Notes for remarks by Denis Meunier, Assistant Director,
Financial Analysis and Disclosures Directorate,
before the House of Commons Finance Committee
March 8, 2011
Check against deliveryMr. Chairman,
I would like to make brief opening remarks about FINTRAC's mandate and what we do. With me today is Senior Legal Counsel Yvon Carrière.
The legislation adopted by Parliament in 2000, the Proceeds of Crime (Money Laundering) Act, created FINTRAC as an independent agency, reporting to the Minister of Finance, with a mandate to detect, deter and prevent money laundering. In 2001, post 9/11, the Anti-Terrorism Act added combating terrorist activity financing to our mandate.
FINTRAC is Canada's financial intelligence unit, or FIU. We have a staff of slightly over 300, and we have three regional offices in addition to our headquarters. We are a unique agency in Canada as our mandate is both to analyze financial transaction information and disclose certain information to investigators within the thresholds our Act provides, and to provide strategic level financial intelligence.
The Minister of Finance is responsible to Parliament for our legislation and developing any proposals for changes to it or the attendant regulations.
I think I should make it clear exactly what money laundering is. The Financial Action Task Force (FATF) defines money laundering as the processing of criminal proceeds to disguise their illegal origin.
Essentially, money laundering makes it difficult to trace now-clean money back to its original criminal origin. That's where we come in.
Under Canadian law, a money laundering offence involves various acts committed with the intention to conceal or convert property or the proceeds of property (such as money) knowing or believing that these were derived from the commission of a designated offence.
In this context, a designated offence means most serious offences under the Criminal Code or any other federal Act. It includes, but is not limited to those relating to illegal drug trafficking, bribery, fraud, forgery, murder, robbery, counterfeit money, stock manipulation and since very recently, tax evasion.
To give you the most accurate picture of our agency I would also underline what FINTRAC is not: we are not an investigative body and we do not have powers to gather evidence, lay charges, seize and freeze assets or create watch lists of suspected terrorist financiers. FINTRAC does not investigate or prosecute suspected offences. Rather, we are an analytic body that produces financial intelligence to be disclosed, if appropriate, to help further investigations conducted by law enforcement and security agencies and to provide strategic-level analysis to policy departments and assessment agencies.
Because we hold millions of financial transaction records of Canadians, Parliament wanted to ensure the Act was drafted quite carefully to be very specific and clear on what information we can receive and what information we can disclose. The Act stipulates that we can only release information to police where we have reasonable grounds to suspect that the information would be relevant to an investigation or prosecution of a money laundering offence or a terrorist activity financing offence.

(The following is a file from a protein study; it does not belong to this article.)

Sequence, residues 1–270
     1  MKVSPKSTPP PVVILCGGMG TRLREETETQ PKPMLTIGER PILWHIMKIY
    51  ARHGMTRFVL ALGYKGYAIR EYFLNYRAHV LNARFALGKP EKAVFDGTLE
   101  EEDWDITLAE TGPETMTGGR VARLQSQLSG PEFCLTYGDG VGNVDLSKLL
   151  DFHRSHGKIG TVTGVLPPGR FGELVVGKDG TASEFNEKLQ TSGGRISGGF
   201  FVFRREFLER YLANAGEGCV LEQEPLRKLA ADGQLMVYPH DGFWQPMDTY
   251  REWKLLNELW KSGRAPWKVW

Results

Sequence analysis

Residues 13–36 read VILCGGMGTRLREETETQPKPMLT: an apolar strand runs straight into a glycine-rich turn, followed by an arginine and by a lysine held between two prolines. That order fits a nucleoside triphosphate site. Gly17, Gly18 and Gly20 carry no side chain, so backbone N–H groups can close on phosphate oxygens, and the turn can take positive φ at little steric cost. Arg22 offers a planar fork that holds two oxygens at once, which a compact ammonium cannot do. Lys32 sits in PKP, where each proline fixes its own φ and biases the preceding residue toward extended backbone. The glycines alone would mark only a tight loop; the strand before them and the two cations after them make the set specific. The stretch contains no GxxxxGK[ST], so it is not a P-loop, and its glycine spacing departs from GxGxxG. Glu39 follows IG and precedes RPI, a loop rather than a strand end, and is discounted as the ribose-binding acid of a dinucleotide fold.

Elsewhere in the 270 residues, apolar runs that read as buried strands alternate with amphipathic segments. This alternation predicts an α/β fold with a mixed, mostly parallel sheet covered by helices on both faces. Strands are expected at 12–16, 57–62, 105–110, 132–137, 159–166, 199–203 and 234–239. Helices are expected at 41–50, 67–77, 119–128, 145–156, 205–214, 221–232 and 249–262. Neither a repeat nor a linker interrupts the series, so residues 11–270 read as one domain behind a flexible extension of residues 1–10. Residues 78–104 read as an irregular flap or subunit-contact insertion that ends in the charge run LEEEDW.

Furthermore, the Act requires that, once FINTRAC has reached that "reasonable grounds to suspect" threshold, it must disclose that information. In the same way, once FINTRAC has reasonable grounds to suspect that certain information would be relevant to threats to the security of Canada, the Act stipulates it must disclose that information to the Canadian Security Intelligence Service.
Our job, in brief, is to provide financial intelligence leads to law enforcement and to national security and intelligence agencies. We are a resource for every police department in Canada, with a unique ability to follow the criminal money trail across the country and around the world.
We also disclose information to the Canada Revenue Agency, the Canada Border Services Agency and the Communications Security Establishment when specific additional statutory tests in relation to disclosure to these agencies are met. Finally, we may disclose information to foreign financial intelligence units, as well.
Our work begins with the daily intake of over 65,000 reports on several kinds of financial transactions from a variety of businesses, which we call reporting entities. The most prominent of these entities are banks, however we also receive reports from casinos, credit unions, life insurance companies and money service businesses, not to give you an exhaustive list, but all of whom are obligated by the Act to send reports to us.